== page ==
Since the rollout of Gmail’s new inbox tabs experience around the beginning of July, email marketers have been trying to understand…
- Where their emails are appearing
- What are the effects of the new tabs on campaign performance
- What they can do to mitigate the effects
Let’s discuss each of these concerns in turn.
Where Are My Emails Appearing?
First off, let me state the obvious: no one except the people at Google truly understands the algorithm that determines where a brand’s emails appear in the inbox. Similar to SEO tactics, we have glimpses of what affects the categorization, but no clear definitions.
As a starting point, you should refer to the Google support article that explains in plain language how it aims to segment a user’s emails.
Then it’s best to experience the categorization for yourself. Go to the Gmail web client and notice which of your emails appear in Promotions, or Updates, or the Primary tab. Talk to others who use Gmail and see what their experience is.
Here’s what’s probably true: if you’re a brand marketer sending email, that email is most likely to appear in the Promotions tab of your recipients’ inbox, unless they aren’t using tabs or indicate that they want to receive your emails in the Primary tab.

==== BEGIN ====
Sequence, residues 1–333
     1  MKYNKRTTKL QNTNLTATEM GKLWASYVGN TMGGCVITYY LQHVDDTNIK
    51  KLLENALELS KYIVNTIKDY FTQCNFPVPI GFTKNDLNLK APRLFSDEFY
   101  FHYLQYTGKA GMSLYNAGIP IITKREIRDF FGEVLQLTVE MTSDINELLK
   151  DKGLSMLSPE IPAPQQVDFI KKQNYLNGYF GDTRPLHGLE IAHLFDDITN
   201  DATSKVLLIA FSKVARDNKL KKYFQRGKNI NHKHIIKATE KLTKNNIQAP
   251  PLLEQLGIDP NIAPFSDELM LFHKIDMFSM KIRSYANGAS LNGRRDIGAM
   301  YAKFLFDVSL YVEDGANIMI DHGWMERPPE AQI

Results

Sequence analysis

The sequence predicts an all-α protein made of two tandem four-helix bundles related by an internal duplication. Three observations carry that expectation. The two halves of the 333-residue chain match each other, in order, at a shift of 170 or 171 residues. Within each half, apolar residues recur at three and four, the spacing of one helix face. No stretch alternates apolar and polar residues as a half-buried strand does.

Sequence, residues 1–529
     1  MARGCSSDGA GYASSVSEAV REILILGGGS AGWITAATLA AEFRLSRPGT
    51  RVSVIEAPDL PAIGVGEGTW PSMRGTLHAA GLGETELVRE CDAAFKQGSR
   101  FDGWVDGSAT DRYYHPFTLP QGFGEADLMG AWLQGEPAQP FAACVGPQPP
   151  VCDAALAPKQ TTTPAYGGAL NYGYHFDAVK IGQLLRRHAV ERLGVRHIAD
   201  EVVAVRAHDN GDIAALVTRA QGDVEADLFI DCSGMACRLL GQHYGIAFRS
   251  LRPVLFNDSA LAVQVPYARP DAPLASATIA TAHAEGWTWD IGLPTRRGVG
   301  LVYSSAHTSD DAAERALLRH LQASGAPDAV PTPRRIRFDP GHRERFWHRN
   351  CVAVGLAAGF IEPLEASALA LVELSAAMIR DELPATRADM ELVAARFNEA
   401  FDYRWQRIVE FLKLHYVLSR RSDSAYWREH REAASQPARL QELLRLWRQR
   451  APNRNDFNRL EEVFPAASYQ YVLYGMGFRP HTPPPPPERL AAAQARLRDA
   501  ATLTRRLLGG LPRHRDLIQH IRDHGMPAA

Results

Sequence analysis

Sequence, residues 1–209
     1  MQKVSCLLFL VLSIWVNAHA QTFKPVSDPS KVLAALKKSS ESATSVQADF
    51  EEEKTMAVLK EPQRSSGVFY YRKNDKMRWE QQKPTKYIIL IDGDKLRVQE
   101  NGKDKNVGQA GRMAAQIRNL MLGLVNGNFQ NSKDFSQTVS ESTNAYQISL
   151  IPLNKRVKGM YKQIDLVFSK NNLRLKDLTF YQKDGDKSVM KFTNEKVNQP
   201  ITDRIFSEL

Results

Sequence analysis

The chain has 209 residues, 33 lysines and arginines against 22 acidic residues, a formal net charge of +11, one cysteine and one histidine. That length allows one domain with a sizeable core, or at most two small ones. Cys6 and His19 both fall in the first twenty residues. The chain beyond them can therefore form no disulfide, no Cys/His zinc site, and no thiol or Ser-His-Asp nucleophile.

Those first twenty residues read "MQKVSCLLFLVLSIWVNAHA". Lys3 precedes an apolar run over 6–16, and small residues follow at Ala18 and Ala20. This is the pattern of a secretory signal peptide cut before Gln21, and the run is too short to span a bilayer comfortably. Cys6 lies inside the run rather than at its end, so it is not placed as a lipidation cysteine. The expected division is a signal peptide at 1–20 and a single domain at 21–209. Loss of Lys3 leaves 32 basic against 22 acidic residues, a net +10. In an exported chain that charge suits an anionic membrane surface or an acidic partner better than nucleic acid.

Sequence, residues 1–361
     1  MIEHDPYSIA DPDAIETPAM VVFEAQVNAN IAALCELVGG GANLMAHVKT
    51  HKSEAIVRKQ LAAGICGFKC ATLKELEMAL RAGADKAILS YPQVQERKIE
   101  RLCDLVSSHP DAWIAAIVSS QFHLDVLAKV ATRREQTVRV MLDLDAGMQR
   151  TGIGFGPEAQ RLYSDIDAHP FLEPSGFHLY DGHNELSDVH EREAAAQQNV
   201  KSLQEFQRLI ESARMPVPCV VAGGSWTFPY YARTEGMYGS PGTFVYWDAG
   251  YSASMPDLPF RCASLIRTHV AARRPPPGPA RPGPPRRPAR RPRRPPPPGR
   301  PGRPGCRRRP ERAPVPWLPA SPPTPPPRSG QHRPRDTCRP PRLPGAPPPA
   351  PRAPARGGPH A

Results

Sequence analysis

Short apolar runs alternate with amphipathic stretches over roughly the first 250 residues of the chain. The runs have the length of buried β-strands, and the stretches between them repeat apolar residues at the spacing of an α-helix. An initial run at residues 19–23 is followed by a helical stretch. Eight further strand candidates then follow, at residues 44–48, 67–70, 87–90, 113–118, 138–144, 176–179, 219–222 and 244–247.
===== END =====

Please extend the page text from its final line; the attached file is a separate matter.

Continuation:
What Are the Effects of Gmail Tabs on Email Campaign Performance?
Reports from the industry have varied; most claiming a modest decline in open rate, but some claiming an actual increase. What’s important is what’s happening to your campaigns.
Identify those in your list who have a gmail.com address. (Remember, however, that not everyone who has a gmail.com address reads that email on Gmail’s web app or mobile app, and therefore doesn’t experience the tabs.)
For that segment, consider the following:
Open rate. Have you seen a drop in open rate for the gmail.com segment? Did it begin around July 5? Is there another factor that you can contribute to the drop?
If you have the data, you should also consider “time to open.” One effect of the tabs is that recipients will not open emails in the Promotion tabs as soon as they would have before. This is important, especially if your promotions rely on timeliness.
Click-through rate. Have your clicks as a percentage of delivered emails dropped? Or have they risen? Also, look at your click-to-open rate; this will allow you to see if a drop in open rate has corresponded with a drop in engagement as well. It’s possible that your open rate dropping may be merely the effect of unengaged users no longer opening your emails out of habit since your emails now appear in their promotions tab (and unengaged users are less likely to casually open those emails in the first place).
Revenue per email. While your opens or clicks may drop, make sure to check if your revenue per email or other relevant performance metrics have dropped as well before panicking.
Once you’ve considered the metrics, you may find that the change hasn’t caused any big shifts. Continue to report on this segment for the next few months to make sure you capture long-term trends, but don’t take unnecessary actions to correct a problem that isn’t there.